The Prickle (@ThePrickle) July 16, 2019
Mozart’s ‘Le Nozze di Figaro’, directed by Nina Brazier at the Delphi Theater in Berlin, inaugurated Opernfest, the International Festival of Young Opera Singers, hosted by the Berlin Opera Academy. Brazier’s production was characterized by an economy of gesture married to an unbridled sense of whimsical fun.
Based on Beaucharchais’ eponymous play, Mozart’s popular opera weaves serious gender and class topics into a ribald tapestry of love and desire. After all, beneath the madness of mistaken identities, alarming forces are at work: Count Almaviva wishes to use his right as a nobleman to claim sexual favours from servant girl Susanna on her wedding night to Figaro.
Led by Peter Leonard, the Orchestra of the Berlin Opera Academy deserves special mention, infusing life into Mozart’s variegated music through layered and energetic work that was also restrained. It was a fantastically reliable ensemble, showcasing the singers and their unique voices. These performers, who represent a veritable trove of young operatic talent, impressed by tackling this mammoth head-on. Elen Lloyd Roberts’ Susanna, Alice Wielant’s Countess, Katherine Wiswell’s Marcellina and Sophie Kidwell’s Cherubino were particularly adept at merging technical mastery with truth in storytelling.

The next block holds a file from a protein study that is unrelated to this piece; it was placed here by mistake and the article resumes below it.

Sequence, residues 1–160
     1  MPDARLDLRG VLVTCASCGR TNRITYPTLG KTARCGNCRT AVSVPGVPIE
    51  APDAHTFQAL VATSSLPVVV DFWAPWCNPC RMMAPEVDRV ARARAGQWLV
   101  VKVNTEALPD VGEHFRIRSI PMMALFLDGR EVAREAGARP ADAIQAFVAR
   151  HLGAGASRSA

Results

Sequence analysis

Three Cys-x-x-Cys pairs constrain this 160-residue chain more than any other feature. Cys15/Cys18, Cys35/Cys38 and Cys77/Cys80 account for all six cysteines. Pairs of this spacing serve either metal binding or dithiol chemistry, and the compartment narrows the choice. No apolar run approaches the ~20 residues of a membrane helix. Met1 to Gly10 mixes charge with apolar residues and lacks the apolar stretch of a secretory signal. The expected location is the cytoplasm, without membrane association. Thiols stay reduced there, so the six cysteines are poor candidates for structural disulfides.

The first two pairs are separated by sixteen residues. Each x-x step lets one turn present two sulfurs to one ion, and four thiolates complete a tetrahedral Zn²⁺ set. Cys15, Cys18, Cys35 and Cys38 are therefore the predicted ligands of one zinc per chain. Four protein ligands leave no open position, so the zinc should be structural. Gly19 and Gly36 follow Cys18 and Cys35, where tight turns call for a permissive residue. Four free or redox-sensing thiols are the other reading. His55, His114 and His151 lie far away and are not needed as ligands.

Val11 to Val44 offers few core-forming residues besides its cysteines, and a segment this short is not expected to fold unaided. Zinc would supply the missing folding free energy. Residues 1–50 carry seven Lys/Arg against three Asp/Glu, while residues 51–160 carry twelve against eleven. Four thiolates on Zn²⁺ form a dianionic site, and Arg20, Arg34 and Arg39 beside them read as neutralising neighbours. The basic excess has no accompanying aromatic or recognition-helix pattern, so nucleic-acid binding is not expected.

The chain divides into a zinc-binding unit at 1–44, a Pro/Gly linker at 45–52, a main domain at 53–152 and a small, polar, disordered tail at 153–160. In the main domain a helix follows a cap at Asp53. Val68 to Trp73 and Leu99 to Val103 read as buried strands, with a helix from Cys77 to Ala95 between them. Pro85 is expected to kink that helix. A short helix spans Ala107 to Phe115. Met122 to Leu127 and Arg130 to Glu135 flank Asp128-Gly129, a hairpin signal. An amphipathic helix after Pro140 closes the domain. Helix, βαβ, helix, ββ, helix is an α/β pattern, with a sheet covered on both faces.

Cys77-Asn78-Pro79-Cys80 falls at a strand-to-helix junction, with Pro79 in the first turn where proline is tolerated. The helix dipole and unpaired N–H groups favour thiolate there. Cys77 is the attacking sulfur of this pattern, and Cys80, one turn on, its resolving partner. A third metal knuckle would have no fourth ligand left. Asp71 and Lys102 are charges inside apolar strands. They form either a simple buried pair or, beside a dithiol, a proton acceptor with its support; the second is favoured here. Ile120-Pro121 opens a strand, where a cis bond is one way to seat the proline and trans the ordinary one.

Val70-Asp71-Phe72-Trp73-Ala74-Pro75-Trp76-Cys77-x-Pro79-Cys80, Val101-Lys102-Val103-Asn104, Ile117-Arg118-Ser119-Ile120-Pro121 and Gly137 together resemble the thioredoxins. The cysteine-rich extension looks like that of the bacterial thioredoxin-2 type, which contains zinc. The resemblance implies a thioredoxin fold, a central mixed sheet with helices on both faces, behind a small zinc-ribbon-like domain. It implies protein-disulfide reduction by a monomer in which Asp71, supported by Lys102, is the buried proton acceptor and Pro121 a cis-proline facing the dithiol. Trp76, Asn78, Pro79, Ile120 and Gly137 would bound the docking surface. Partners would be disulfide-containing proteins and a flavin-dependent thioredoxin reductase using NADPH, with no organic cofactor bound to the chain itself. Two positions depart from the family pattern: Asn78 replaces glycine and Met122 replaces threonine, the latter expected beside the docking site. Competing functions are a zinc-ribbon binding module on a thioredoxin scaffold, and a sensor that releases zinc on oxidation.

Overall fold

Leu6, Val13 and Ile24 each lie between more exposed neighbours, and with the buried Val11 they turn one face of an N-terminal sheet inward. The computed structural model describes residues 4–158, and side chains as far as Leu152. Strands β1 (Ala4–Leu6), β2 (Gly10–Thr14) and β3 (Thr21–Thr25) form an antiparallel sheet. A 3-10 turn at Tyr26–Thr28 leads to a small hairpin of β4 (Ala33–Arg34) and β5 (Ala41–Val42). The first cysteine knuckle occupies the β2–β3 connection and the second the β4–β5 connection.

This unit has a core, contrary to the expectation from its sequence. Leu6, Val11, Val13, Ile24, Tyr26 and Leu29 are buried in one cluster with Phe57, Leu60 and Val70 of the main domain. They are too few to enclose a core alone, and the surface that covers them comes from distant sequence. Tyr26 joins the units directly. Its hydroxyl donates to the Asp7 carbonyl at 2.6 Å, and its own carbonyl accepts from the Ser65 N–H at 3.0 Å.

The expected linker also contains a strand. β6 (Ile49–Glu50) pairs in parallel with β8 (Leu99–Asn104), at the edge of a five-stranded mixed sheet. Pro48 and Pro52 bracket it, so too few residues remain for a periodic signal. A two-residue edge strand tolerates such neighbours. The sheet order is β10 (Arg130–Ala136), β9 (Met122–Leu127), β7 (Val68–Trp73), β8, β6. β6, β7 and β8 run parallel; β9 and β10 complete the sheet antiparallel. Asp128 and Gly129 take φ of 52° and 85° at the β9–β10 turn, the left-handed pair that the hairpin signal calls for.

Brazier’s production was able to spotlight Mozart’s genius, while simultaneously teasing out relevant social issues and showcasing the idiosyncratic brilliance of the singers. The cherry on the cake was the setting: the Delphi theatre, inaugurated in 1929. It offered the perfect sanctuary for a fraught yet carefree reverie.